Categories: Litigation

Employers in the First Circuit know that unconscionability challenges to employment arbitration agreements are commonplace. In Trainor v. Primary Residential Mortgage, Inc., the U.S. District Court for the District of Rhode Island recently addressed an employee’s arguments that an agreement’s venue clause requiring a Rhode Island employee to arbitrate her claims in Utah and a provision excluding certain claims from the scope of the arbitration agreement rendered the arbitration agreement unconscionable and unenforceable. The court rejected the first argument based on the employer’s on-the-record concession that it would agree to virtual arbitration, and the second because the exclusions from the arbitration agreement benefitted both parties and were cabined to limited circumstances. In light of Trainor, employers may want to review their arbitration agreements to preserve their ability to agree to virtual arbitration to moot a challenge to a venue clause and to ensure that any exceptions to the duty to arbitrate are symmetrical and narrowly tailored.


In early 2018, Nicole Trainor accepted a job with Primary Residential Mortgage, Inc. (“PRMI”) as a business development representative.  Upon accepting the job offer, Ms. Trainor signed a required PRMI Standard Employment Agreement (“Agreement”) broadly stating the parties agreed to arbitrate all claims or disputes between them before the American Arbitration Association (“AAA”) in Utah.  The Agreement then carved out four categories of claims from the arbitration provision: challenges to the validity of the Agreement’s class-action waiver, proceedings for administrative relief (such as unemployment benefits, disability insurance, workers’ compensation, and charges of employment discrimination), actions to enforce Ms. Trainor’s non-solicitation and confidentiality covenants, and claims that Ms. Trainor exceeded the scope of authority PRMI granted to her.   Later that year, PRMI denied Ms. Trainor’s request for a remote-work accommodation, and subsequently terminated her employment on the grounds that her job required that she be physically present in the office.  Ms. Trainor then filed suit, and PRMI moved to compel arbitration under the Agreement. Ms. Trainor opposed the motion by arguing that the Agreement was unconscionable (and therefore, unenforceable) for a variety of reasons.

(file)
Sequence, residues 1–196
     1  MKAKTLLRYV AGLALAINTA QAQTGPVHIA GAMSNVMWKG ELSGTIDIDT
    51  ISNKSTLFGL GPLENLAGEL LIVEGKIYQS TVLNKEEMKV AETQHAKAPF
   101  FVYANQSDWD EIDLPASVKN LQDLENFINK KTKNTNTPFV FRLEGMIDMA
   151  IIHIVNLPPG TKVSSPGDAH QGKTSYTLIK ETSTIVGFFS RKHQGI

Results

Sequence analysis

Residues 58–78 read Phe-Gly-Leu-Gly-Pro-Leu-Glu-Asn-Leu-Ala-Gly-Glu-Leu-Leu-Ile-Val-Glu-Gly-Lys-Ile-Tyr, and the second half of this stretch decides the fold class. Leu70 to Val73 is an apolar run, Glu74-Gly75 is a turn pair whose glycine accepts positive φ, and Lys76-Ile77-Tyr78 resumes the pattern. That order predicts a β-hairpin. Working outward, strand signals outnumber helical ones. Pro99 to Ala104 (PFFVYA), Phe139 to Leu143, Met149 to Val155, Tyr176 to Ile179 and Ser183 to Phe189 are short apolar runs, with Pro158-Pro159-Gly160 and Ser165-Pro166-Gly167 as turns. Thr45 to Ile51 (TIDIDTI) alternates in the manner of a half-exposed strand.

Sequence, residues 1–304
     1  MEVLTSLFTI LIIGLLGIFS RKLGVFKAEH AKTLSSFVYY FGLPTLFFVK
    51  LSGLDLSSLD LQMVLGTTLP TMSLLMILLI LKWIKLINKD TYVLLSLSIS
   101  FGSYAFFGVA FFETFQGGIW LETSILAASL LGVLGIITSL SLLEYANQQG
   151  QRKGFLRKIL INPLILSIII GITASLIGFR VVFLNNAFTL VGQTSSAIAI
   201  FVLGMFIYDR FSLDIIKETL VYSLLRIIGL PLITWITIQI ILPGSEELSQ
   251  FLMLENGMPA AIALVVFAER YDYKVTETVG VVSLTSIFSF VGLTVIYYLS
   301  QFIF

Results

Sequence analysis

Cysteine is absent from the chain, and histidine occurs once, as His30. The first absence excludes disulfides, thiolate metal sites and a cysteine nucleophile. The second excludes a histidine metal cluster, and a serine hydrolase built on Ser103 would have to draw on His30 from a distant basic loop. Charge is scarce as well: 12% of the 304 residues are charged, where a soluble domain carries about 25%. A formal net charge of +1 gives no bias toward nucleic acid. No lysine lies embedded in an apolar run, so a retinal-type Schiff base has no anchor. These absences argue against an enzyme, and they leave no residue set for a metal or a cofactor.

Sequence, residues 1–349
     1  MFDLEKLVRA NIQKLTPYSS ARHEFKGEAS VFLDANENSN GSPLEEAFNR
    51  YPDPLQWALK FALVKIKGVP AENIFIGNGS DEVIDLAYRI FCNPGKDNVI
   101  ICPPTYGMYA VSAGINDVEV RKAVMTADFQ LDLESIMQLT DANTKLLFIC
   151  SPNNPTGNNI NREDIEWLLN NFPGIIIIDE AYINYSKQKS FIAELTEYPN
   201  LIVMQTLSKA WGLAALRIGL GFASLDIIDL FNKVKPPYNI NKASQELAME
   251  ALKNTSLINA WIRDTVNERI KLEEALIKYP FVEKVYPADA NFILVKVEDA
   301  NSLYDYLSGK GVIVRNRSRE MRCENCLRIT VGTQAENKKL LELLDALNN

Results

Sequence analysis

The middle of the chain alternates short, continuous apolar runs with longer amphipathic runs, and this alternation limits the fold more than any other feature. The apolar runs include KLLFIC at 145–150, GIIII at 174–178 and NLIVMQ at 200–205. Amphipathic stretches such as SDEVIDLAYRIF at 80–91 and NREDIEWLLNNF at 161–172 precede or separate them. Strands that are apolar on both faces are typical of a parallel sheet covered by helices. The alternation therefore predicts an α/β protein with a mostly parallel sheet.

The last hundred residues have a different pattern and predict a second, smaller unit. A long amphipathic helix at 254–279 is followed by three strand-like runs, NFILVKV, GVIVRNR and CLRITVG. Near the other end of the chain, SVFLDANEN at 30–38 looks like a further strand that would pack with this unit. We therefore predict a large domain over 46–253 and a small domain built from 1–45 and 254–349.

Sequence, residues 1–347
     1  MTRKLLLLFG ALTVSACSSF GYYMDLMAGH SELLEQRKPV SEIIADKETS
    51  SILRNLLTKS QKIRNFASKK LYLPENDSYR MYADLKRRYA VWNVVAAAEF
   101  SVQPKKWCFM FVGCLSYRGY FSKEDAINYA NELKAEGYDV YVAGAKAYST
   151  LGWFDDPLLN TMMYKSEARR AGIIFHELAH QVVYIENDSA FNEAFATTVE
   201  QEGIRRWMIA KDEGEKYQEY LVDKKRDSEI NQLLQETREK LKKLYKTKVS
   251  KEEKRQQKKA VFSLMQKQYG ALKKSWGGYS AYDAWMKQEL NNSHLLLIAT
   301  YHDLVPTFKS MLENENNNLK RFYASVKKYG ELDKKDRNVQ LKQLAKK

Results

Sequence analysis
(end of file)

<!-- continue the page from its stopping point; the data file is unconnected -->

The court granted PRMI’s motion to compel arbitration and rejected all of Ms. Trainor’s arguments that the Agreement was unconscionable. While it gave short shrift to most of her contentions, its reasoning behind rejecting two of them is noteworthy for employers.

First, Ms. Trainor argued the Agreement was “lopsided,” characterizing the arbitration clause’s four exceptions as giving PRMI the option to “litigate [virtually] any claim it would ever have against an employee in court,” while simultaneously constraining her to arbitration.  The court rejected Ms. Trainor’s broad characterization of those exceptions. The court began by noting that two exceptions—namely, challenges to the validity of the class-action waiver and claims for administrative relief—actually benefitted Ms. Trainor, not PRMI.  The court then recognized that the last two exceptions—specifically, actions to enforce Ms. Trainor’s restrictive covenants and claims asserting she exceeded the scope of her authority as PRMI’s agent—favored PRMI, but applied only in limited circumstances, leaving “many claims that could plausibly be brought by PRMI that would be subject to arbitration.” As such, “[a]lthough the lack of mutuality provide[d] some support for [Ms.] Trainor’s arguments, it [was] insufficient to render the arbitration provision unconscionable.”

Second, Ms. Trainor argued the Utah venue provision was logistically and financially oppressive, because it would require her to travel from Rhode Island (where she lived and worked) to Utah.  The court deemed this argument moot, because PRMI conceded to virtual arbitration in its motion, and therefore, the arbitration would involve no travel or travel expenses.